WMU scores well in nat’l NRDC water quality report

Published 1:06 pm Tuesday, May 16, 2017

Winchester Municipal Utilities has scored well in a report released earlier this month by the Natural Resources Defense Council, a national environmental group.

In the NRDC’s recent report “Threats on Tap: Widespread Violations Highlight Need for Investment in Water Infrastructure and Protections” the organization created a comprehensive list of counties across the United States and their compliance with the Safe Drinking Water Act, which regulates the levels of about 100 contaminants that can be found in tap water.

The report showed that in 2015 there were more than 80,000 reported violations of the SDWA by community water systems.Nearly 77 million people were served by more than 18,000 of the systems with violations, the report stated.

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“These violations included exceeding health-based standards, failing to properly test water for contaminants and failing to report contamination to state authorities or the public,” the report stated. “What’s worse, 2015 saw more than 12,000 health-based violations in some 5,000 community water systems serving more than 27 million people.”

In Kentucky several counties, including Jefferson and Fayette, reported SDWA violations. Fayette County’s violations included one health-based violation.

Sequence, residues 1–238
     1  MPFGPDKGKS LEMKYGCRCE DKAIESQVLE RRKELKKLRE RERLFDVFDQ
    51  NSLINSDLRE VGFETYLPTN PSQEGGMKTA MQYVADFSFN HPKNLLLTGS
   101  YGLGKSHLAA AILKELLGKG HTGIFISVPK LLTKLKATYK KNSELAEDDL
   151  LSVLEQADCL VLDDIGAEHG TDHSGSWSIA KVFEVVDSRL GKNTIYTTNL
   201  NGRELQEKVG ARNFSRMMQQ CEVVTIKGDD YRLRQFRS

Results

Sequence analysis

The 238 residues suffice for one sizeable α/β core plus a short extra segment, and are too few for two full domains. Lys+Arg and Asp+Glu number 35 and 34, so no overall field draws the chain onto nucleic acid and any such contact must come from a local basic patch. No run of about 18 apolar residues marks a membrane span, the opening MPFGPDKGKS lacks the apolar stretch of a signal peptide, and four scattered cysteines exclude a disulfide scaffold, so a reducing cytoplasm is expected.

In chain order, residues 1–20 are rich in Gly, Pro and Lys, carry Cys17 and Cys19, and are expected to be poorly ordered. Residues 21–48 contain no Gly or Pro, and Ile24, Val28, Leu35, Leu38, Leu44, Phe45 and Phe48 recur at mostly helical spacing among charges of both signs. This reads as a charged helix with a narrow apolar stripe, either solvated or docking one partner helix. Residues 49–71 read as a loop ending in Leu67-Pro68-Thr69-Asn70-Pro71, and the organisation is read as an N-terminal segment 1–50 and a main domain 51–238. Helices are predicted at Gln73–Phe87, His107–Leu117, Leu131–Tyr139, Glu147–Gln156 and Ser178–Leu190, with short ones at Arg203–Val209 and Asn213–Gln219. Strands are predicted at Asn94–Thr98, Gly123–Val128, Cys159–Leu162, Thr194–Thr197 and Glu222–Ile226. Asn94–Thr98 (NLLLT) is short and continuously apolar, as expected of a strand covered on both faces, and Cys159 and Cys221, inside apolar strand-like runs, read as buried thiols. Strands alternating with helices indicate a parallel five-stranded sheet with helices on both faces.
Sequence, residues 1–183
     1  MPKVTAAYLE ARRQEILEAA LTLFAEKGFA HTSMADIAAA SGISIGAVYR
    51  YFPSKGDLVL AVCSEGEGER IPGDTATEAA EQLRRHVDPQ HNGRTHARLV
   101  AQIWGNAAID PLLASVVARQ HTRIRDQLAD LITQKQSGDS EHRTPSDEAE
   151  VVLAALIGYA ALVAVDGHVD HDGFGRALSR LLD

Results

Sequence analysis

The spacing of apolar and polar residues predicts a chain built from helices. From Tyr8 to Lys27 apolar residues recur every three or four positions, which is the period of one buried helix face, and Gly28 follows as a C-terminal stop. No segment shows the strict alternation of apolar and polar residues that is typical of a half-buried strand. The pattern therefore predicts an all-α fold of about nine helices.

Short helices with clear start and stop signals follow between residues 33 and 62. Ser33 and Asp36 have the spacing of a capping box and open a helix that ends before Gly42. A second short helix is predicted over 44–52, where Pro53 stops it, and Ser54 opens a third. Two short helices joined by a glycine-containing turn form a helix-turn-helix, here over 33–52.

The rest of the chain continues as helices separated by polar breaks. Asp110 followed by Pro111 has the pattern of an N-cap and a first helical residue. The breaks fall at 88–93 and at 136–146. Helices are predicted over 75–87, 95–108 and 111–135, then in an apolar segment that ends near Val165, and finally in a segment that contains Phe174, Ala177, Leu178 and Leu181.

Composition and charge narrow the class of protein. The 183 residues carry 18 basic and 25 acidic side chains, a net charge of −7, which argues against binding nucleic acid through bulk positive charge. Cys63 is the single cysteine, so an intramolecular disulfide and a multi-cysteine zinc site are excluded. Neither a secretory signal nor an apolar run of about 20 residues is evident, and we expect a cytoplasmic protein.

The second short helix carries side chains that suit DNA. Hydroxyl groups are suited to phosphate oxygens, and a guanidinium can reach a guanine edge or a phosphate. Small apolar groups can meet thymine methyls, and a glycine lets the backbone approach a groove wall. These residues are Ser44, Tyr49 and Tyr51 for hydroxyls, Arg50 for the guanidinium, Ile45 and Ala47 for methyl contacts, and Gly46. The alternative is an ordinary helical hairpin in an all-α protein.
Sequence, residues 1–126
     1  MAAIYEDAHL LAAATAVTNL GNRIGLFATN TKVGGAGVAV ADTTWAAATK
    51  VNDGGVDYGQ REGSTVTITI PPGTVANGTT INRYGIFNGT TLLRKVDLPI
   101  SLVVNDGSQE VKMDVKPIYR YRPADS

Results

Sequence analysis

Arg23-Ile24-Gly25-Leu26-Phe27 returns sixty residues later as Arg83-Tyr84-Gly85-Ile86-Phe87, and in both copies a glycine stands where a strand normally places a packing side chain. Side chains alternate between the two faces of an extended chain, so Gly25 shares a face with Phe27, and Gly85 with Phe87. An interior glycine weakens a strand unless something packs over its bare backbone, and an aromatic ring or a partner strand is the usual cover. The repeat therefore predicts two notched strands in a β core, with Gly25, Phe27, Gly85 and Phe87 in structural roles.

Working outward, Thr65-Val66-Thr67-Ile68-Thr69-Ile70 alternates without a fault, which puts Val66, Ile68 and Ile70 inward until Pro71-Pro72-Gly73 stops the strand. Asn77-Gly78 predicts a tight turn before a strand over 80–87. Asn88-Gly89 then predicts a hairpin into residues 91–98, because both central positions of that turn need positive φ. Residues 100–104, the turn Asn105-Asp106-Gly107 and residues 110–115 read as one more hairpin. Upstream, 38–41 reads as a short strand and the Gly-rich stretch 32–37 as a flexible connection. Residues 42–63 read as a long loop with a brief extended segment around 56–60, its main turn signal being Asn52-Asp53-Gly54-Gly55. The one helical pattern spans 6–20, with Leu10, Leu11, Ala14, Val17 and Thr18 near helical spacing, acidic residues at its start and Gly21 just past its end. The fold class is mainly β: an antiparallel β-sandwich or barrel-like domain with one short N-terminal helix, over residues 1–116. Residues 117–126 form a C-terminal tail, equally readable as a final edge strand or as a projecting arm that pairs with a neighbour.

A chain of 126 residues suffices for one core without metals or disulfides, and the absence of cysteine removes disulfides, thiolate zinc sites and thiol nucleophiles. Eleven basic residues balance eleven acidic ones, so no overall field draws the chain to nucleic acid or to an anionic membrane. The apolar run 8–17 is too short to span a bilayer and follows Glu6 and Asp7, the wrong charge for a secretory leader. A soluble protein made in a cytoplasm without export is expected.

Contaminants in drinking water are more common than some may realize. They can range from natural material that mixes in with the water from the environment to chemicals used to kill other potential contaminants. While clean water legislation does not require 100 percent of contaminants to be removed from drinking water, it does aim to keep contaminants at safe levels.

Clark County was one of the few areas in central Kentucky to not be flagged in the report as having a SDWA violation.

While WMU’s 2017 water quality report shows that water drawn from the Kentucky River and treated at the county’s water purification plant does contain contaminants, all are within acceptable levels as laid out by the Safe Drinking Water Act.

WMU is still working under a consent decree to correct a violation of the Clean Water Act, a separate law, by eliminating sanitary sewer overflows that can contaminate waterways.

However, General manager Mike Flynn confirmed that WMU does not have any outstanding violations with the SWDA.

“The Winchester Municipal Utilities, your drinking water provider, works around the clock to provide exceptional water services to every customer,” Flynn said.

According to WMU’s water quality report, the utility routinely takes samples of its water throughout the year and tests them to ensure contaminants are within acceptable levels. The report shows the highest levels detected throughout the past year.

“WMU regularly tests your drinking water for 77 other primary standards, 16 secondary standards and other standards for which results were found to be within acceptable levels,” the water quality report stated.

WMU’s most recent water quality report can be found at http://wmutilities.com/2017DWR.pdf.